Greece to remain in focus due to risky funding outlook| MENAFN.COM

Saturday, 22 January 2022 09:33 GMT

Greece to remain in focus due to risky funding outlook


(MENAFN- Khaleej Times) China's cooling growth prospects and an interest rate decision in Russia will shift the economic agenda away from the eurozone next week, although Greece remains firmly in the spotlight because of its precarious funding outlook.

China should provide further hints of the challenges it faces after the world's No. 2 economy depicted its "new normal" last week - a growth target of seven per cent for this year, the lowest for quarter of a century. Chinese retail sales growth is expected by some analysts to have slowed slightly in February, with industrial production and investment growth data due out next week seen weaker too.

As Chinese leaders try to mould a more balanced long-term growth model, keeping the breakneck economic expansion of recent decades in check, all eyes will be on the reforms they are expected to outline further in the coming days. "Asia will be firmly in focus," Standard Chartered analyst Madhur Jha said.

As markets digest China's warning shots, the eurozone's ups and downs will not be far from investors' minds.

A four-month respite for Athens after it extended a bailout programme has done little to ease concerns that Greece may face a cash crunch before then. Its funding options will take centre-stage at a Monday meeting of eurozone finance ministers, who will discuss the economic reforms Athens hopes will help it unlock some financial aid from international lenders.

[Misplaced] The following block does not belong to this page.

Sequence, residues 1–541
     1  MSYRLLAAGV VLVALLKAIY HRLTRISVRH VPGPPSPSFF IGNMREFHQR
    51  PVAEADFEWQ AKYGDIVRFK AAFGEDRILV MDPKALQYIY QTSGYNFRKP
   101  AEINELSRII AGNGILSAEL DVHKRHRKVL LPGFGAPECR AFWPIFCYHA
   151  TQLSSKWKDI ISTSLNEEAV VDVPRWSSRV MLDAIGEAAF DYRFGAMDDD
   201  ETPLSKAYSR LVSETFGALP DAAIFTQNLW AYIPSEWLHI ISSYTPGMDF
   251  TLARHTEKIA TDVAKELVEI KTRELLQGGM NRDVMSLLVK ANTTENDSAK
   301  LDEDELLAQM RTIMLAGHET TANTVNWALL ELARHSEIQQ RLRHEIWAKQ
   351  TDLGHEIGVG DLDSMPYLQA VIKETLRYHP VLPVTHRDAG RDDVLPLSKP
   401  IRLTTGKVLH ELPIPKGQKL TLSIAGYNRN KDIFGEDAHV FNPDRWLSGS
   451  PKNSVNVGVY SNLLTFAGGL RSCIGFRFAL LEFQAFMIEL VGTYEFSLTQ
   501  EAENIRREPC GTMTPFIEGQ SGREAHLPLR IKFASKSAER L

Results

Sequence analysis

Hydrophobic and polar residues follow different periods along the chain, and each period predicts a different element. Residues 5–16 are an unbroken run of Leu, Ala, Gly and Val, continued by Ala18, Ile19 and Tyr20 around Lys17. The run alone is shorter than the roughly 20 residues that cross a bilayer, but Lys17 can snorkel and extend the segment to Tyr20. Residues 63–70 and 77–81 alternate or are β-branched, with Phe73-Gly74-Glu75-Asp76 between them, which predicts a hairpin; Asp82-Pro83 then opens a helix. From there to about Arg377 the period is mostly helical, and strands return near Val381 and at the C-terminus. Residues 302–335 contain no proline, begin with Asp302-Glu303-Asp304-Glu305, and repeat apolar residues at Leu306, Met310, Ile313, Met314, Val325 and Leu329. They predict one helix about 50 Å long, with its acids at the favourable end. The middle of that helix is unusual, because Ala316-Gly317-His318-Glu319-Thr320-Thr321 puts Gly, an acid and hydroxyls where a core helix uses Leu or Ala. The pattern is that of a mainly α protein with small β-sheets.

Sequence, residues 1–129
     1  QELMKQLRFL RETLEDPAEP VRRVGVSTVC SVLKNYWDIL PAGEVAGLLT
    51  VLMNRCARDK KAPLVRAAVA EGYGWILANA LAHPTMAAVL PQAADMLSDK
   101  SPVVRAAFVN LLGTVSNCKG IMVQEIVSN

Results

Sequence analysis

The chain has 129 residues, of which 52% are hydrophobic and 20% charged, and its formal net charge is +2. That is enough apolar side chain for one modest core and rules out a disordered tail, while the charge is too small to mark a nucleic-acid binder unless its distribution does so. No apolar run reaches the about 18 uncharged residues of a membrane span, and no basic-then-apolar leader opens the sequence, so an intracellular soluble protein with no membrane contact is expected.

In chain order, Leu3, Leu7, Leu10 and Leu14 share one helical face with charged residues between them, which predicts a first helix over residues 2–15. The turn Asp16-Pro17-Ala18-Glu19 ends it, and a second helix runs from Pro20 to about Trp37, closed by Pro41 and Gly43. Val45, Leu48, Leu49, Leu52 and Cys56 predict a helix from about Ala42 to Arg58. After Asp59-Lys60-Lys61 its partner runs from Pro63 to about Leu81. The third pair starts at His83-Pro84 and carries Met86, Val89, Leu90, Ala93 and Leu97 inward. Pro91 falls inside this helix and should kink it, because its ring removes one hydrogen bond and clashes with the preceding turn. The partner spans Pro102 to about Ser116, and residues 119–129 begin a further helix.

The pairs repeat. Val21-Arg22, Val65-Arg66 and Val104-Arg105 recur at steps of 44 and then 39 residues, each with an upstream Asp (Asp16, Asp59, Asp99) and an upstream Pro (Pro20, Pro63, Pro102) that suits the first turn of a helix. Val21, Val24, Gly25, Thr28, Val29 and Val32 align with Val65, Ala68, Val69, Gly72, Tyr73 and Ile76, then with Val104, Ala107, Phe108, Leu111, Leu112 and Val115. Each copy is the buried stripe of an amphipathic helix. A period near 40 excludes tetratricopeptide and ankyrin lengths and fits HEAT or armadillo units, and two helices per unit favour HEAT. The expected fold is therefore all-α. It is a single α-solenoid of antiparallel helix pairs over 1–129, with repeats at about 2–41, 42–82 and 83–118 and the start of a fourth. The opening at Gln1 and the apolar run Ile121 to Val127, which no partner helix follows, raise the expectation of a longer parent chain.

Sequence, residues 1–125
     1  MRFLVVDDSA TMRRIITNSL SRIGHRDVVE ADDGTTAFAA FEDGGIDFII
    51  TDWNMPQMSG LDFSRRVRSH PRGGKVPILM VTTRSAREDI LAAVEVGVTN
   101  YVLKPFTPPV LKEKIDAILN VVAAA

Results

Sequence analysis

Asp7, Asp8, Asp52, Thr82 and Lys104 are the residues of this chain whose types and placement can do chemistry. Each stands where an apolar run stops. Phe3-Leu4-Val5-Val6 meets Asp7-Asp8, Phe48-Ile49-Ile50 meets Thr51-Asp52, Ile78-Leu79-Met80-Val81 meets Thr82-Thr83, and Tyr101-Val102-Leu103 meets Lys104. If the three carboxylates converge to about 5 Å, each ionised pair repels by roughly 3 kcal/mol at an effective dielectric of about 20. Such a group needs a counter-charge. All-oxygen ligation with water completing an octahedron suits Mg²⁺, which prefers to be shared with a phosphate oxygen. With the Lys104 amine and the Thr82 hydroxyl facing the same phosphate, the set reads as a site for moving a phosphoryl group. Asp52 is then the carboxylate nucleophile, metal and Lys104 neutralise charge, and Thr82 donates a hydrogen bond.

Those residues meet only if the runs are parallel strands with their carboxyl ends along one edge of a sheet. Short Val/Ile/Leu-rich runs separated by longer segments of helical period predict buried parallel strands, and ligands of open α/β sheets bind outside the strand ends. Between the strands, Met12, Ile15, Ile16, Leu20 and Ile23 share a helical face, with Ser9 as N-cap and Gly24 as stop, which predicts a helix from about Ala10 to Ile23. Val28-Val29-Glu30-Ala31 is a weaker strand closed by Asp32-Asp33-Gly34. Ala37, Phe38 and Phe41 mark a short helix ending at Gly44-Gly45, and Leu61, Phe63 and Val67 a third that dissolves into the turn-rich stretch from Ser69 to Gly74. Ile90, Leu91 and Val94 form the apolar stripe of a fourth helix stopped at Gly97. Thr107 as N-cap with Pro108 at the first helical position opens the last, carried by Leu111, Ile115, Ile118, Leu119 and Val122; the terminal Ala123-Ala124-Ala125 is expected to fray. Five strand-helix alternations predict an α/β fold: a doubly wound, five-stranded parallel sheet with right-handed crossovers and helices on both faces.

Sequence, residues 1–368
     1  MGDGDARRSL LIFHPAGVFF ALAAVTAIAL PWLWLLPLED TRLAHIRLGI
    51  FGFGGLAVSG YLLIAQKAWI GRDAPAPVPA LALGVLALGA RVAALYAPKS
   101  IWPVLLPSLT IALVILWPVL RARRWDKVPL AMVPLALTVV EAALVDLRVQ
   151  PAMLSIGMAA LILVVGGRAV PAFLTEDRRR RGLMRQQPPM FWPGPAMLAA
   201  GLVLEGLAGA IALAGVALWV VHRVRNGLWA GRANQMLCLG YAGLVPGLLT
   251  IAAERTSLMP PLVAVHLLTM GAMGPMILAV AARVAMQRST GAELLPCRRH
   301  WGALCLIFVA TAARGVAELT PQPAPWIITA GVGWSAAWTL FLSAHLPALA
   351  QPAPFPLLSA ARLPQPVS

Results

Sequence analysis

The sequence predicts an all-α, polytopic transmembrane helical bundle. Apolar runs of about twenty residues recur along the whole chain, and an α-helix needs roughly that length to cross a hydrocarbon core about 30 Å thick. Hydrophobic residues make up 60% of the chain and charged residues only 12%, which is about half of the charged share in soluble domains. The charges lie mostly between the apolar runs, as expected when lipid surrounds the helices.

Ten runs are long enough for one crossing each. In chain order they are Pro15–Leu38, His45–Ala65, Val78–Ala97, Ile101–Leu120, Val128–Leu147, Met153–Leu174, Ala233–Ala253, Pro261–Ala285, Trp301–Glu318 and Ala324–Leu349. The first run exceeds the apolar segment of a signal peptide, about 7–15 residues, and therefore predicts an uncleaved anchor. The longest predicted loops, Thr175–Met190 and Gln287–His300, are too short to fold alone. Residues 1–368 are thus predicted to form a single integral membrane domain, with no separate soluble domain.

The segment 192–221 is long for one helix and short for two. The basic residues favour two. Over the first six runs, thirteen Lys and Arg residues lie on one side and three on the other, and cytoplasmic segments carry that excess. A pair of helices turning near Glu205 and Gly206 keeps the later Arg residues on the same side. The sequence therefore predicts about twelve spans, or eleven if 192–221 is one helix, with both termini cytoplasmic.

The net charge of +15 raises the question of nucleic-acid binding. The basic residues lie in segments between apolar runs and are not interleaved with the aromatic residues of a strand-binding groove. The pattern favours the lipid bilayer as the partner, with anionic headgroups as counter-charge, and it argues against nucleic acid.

The government sent an updated list of reforms to Brussels on Friday and said it wanted to start talks with lenders immediately on concluding its bailout and a possible follow-up deal. It also repaid part of an International Monetary Fund loan that falls due this month.

Industrial production figures for the single currency area, due on Thursday, are expected to support this encouraging picture, rising slightly after a year-on-year fall in December, and echoing a strong start to the year for German output.

After strong labour data on Friday from the United States, attention will shift to retail sales numbers due on Thursday. Retail sales excluding automobiles, gasoline, building materials and food services - "core" retail sales, considered to the best gauge of households' spending patterns - edged up only 0.1 per cent in January.

A series of interest rate decisions also pepper the economic calendar, with Russia likely to hog headlines on Friday. Its central bank is expected to hold rates steady at 15 per cent.


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